§ Mr. Squire
To ask the Secretary of State for Social Services if he will publish figures for the numbers of lower-paid families, with and without children, whose marginal tax rates including benefit withdrawal will be(a) 90 to 100 per cent., (b) 80 to 90 per cent., (c) 70 to 80 per cent., (d) 60 to 70 per cent., (e) 50 to 60 per cent. and (f) 40 to 50 per cent. after the implementation of the Social Security Act 1986 in April 1988, assuming that in 1988–89 personal tax allowances are raised in line with inflation and the basic rate of tax is maintained at 27 per cent.
§ Mr. Scott
The estimated numbers of families with children, and of couples and single people without children, affected by the various marginal tax rates quoted are shown in the table. The main assumptions are similar to those used in the tables on the "Impact of the Reformed Structure of Income-Related Benefits", published at the time of the uprating statement on 27 October. The marginal tax rates are calculated on the sum of extra income tax and employee's national insurance—assumed as 9 per cent. — and the amounts by which income-related benefits are reduced for every extra £1 of gross earnings. To the extent that no allowance has been made for those employees who pay national insurance either at the lower contracted-in rates of 5 per cent. and seven per cent. or at contracted-out rates, the estimates are overstated. The figures should therefore only be taken as illustrating likely broad orders of magnitude.650W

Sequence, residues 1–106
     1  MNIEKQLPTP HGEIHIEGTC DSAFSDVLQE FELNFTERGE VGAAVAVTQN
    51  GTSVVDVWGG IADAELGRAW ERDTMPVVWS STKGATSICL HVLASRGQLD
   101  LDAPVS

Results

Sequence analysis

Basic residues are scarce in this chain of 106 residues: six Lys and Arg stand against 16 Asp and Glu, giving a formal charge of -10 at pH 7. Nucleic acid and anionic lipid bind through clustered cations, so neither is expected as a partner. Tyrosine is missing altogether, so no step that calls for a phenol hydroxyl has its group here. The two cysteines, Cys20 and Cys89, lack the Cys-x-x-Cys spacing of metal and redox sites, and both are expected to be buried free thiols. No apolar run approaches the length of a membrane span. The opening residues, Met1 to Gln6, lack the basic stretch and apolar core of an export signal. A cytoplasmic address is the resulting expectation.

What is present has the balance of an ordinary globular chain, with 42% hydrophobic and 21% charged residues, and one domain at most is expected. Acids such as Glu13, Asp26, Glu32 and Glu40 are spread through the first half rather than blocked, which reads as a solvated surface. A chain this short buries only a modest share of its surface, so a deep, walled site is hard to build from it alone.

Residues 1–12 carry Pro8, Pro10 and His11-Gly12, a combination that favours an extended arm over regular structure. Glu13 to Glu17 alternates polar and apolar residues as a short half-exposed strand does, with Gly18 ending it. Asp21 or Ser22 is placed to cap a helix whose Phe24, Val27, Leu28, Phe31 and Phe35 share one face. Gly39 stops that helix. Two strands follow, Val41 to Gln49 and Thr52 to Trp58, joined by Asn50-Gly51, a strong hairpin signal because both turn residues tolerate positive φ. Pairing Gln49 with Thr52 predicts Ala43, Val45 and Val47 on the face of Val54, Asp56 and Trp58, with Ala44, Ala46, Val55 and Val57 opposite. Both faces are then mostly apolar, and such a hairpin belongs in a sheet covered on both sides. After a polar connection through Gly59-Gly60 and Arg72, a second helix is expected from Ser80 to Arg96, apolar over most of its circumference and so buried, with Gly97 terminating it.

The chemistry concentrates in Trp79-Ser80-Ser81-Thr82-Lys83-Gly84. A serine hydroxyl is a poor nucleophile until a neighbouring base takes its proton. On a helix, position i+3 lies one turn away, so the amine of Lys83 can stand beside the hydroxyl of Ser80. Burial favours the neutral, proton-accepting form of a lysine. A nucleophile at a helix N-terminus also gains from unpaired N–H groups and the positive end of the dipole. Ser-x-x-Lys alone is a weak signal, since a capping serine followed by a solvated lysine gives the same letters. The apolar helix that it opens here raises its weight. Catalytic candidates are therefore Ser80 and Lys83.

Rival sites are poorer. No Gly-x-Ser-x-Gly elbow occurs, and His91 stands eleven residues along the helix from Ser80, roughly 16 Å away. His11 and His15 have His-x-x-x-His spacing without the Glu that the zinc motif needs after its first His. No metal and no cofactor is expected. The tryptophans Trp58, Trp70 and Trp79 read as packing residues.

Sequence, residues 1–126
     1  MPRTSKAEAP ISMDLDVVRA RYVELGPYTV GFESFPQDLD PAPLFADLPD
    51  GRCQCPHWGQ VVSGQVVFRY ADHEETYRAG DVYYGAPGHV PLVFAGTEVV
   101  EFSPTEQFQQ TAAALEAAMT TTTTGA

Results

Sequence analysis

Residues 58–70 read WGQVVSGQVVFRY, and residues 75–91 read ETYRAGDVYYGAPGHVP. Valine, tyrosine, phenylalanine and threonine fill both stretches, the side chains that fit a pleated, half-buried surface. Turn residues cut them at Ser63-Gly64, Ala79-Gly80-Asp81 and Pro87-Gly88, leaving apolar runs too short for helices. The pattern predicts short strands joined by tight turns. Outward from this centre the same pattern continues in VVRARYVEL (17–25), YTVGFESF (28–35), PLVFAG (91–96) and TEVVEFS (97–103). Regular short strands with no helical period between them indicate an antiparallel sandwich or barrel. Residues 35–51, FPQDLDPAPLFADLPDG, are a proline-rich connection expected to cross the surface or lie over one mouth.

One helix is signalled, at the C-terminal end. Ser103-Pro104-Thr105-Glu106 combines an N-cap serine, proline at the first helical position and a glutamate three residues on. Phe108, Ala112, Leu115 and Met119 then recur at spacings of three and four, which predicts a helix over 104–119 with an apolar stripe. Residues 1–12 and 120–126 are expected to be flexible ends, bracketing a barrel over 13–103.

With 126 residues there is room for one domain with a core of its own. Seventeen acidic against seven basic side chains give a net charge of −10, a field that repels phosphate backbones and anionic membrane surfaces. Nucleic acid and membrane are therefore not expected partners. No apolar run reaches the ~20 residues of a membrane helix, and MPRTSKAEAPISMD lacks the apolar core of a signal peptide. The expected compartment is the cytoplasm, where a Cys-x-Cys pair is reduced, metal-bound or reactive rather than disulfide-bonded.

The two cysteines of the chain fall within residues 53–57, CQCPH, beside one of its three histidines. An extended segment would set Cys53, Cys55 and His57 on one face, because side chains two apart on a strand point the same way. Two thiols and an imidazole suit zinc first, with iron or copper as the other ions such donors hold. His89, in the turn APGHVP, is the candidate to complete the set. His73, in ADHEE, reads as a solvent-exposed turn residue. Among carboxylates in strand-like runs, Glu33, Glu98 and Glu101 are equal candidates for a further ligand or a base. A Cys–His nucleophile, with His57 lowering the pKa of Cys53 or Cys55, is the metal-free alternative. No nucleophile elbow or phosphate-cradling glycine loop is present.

Thousands—Great Britain Total marginal rate of deduction (per cent.) per £1 of extra gross earnings Families with children1 Couples and single people without children1 Above 90 60 10 80 but less than 90 370 10 70 but less than 80 75 20 60 but less than 70 3— 0 50 but less than 60 0 0 40 but less than 502 n.a. n.a. 1 Heads of tax units only. 2 Estimates not readily available. 3 Fewer than 5,000.